Ever since its inception in 1985, the Japanese animation company Studio Ghibli has been dedicated to an ethos of wholesome creativity, instilling a magical vibrancy to each and every one of their movies.
Its name, ‘Ghibli’, was chosen by co-creator of the studio Hayao Miyazaki, with its origins referring to the Libyan Arabic name for ‘hot desert wind’, with the idea behind the name referring to Miyazaki’s ambition to “blow a new wind through the anime industry”. With an impact more like a gale, Studio Ghibli has since created 23 feature films, with each one challenging the very nature of the animation genre, elevating it beyond cliches of being mere ‘children’s films’.
One of the company’s most distinct values is its focus on environmental tales, often told within the context of fantasy, with such themes explored in some of their earliest films, including Nausicaä of the Valley of the Wind, Pom Poko and 1997s Princess Mononoke.
The most spectacular epic in the studio’s filmography, the release of Princess Mononoke was a significant moment for the studio, with the movie boasting its longest runtime to date due to its sprawling narrative and complex sequences of high-octane animation.
Inspired by the westerns of John Ford, Miyazaki brought together “characters from outcast groups and oppressed minorities who rarely, if ever, appear in Japanese films,” to form the town at the centre of this grand tale. It’s a complex one too, packing layers and layers of detail into a compact film that follows a young prince named Ashitaka who travels across a land ravaged by humans in need of a cure for the venom of a savage beast who attacks him.
Depicting stunning landscapes, along with one of Ghibli’s most cinematic stories imbued with the grandeur of Japanese mythos, Miyazaki comments that his aim with the film was to “portray the very beginnings of the seemingly insoluble conflict between the natural world and modern industrial civilisation”. As with many of the studio’s projects, this thematic heart pervades the world of Princess Mononoke with the real-world climate crisis reflected in the war between a capitalist city vying for industrialisation and the residents of the forest who are fighting for survival.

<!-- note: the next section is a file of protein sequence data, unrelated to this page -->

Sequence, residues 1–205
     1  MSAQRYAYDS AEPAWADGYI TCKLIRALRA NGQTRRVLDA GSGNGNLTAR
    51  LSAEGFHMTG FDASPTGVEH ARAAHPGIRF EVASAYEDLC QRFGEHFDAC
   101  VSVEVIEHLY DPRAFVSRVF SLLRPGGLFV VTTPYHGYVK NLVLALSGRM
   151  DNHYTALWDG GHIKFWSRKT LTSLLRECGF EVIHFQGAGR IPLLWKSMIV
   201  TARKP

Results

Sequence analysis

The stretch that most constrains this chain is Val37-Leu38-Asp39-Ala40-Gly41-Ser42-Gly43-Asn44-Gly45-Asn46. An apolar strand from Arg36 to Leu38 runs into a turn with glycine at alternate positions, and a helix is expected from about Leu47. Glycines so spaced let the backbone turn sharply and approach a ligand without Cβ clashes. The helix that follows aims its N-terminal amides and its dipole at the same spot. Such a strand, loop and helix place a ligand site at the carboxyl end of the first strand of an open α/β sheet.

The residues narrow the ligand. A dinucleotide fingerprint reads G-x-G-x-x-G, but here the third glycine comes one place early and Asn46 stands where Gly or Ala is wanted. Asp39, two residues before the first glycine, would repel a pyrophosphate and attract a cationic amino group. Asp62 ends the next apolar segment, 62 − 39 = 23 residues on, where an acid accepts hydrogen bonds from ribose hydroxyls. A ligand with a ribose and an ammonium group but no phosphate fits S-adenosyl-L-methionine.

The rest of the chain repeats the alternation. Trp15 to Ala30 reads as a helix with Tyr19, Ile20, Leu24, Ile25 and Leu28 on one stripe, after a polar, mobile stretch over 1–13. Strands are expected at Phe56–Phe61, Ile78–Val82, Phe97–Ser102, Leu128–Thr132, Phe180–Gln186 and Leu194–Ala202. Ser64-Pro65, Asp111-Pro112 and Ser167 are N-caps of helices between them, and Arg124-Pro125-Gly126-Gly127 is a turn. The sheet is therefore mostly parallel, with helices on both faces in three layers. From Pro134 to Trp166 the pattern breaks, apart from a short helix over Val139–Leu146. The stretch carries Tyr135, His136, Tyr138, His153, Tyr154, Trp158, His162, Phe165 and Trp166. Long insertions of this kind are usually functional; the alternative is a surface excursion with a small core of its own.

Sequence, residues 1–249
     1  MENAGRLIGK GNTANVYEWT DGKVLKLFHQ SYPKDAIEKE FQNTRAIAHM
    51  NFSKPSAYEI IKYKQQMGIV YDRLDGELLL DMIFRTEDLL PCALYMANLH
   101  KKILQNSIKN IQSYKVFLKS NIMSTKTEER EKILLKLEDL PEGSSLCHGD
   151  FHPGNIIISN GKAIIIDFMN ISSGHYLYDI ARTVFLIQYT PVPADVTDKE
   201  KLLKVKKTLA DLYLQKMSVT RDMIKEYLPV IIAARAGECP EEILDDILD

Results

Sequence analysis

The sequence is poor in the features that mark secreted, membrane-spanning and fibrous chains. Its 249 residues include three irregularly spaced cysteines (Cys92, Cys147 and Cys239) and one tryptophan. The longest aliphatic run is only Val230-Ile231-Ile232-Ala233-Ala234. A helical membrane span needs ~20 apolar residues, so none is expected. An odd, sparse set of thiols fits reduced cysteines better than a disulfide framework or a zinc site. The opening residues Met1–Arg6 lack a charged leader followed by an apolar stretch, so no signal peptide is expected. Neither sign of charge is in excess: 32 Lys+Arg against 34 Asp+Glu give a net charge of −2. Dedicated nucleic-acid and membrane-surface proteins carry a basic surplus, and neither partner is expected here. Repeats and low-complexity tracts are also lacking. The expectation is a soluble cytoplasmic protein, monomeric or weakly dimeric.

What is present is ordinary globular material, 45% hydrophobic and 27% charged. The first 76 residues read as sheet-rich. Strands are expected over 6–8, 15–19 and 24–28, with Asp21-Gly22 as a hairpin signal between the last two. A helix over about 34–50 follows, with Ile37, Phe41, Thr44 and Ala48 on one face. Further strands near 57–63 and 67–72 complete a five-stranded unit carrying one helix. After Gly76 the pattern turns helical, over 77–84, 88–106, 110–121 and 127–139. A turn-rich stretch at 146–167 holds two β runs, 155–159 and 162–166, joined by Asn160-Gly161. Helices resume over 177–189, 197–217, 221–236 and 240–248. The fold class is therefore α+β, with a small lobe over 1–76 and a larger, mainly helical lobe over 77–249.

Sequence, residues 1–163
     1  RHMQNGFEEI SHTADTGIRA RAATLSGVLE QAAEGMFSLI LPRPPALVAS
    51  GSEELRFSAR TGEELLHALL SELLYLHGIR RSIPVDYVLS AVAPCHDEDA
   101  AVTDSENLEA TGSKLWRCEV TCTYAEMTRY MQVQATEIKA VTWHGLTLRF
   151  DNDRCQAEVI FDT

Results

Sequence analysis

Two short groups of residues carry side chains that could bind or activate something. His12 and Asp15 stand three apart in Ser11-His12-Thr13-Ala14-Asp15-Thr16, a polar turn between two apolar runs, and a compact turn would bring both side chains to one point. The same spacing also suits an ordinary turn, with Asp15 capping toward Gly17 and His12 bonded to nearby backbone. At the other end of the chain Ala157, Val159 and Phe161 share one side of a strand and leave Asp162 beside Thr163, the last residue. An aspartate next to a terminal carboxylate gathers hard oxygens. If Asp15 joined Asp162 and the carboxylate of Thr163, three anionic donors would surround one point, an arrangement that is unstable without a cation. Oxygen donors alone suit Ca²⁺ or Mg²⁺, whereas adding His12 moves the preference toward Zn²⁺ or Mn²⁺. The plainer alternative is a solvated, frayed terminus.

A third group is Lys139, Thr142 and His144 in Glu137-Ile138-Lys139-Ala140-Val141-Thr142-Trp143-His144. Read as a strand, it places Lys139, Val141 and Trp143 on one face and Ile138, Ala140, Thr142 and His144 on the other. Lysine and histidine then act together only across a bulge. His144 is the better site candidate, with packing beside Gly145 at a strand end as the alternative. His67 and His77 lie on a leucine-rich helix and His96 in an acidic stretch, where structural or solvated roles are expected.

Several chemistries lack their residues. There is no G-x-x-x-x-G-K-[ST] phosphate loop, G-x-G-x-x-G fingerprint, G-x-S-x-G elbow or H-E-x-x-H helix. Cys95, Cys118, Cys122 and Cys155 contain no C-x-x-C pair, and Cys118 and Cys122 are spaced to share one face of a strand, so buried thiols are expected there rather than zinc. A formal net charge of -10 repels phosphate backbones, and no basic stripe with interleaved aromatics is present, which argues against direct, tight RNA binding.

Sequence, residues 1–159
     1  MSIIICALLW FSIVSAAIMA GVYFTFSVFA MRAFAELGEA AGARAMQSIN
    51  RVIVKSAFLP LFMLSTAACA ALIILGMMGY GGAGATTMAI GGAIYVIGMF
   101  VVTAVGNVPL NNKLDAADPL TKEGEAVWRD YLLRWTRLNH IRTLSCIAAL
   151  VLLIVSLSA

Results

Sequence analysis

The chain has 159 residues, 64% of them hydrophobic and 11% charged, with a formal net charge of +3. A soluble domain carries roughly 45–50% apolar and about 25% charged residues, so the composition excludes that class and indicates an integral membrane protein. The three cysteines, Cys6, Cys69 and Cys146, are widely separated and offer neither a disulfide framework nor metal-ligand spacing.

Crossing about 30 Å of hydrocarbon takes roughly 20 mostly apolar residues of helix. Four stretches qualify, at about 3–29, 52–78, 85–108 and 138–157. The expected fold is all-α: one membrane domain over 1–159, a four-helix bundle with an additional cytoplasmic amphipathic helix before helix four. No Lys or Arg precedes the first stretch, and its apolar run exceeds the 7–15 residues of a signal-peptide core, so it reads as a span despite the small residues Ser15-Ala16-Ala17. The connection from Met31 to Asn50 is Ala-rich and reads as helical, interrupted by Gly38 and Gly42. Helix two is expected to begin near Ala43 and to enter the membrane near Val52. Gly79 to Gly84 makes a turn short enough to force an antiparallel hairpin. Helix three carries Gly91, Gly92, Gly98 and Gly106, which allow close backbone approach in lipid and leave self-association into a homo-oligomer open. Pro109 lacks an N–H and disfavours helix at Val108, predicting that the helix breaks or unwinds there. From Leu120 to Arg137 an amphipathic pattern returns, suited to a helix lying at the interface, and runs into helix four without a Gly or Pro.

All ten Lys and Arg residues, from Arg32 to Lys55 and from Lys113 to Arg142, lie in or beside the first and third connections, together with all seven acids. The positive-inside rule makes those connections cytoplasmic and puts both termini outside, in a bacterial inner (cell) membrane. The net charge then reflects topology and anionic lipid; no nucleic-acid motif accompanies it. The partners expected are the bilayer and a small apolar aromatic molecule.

Its message is simple, even if it is shrouded in complex mythos and fantasy, with filmmaker Hayao Miyazaki demonstrating his nuanced approach to such cautionary tales, inspiring younger viewers to take action on the urgent climate crisis whilst creating an enveloping imaginative tale. Though unlike the whole-hearted charm of his wondrous animated landscapes, Miyazaki isn’t blind to the genuine threat to the environment in real life, with the often bleak narrative of the movie reflecting this fact.
“The idea that nature is always gentle and will give birth to something like the Sea of Decay in order to restore an environment polluted by humans is a total lie,” Miyazaki stated in 1994, making reference to his 1984 movie, Nausicaä of the Valley of the Wind, adding, “cling[ing] to such a saccharine worldview is a big problem”. Indeed, Princess Mononoke, and the rest of the Ghibli filmography, toy with fantasy with one foot firmly in the realms of reality where no amount of movie sensationalism can break the dooming inevitability of a changing climate.
No doubt, however, Miyazaki recognises the importance of storytelling in changing an individual’s worldview, particularly for those who find the facts of science a little too harsh to swallow. In Princess Mononoke Miyazaki makes the facts clear without ever patronising the viewer, if you bleed the environment dry the environment will retaliate. If you’re not conscious of your actions you will see the damage of your ignorance.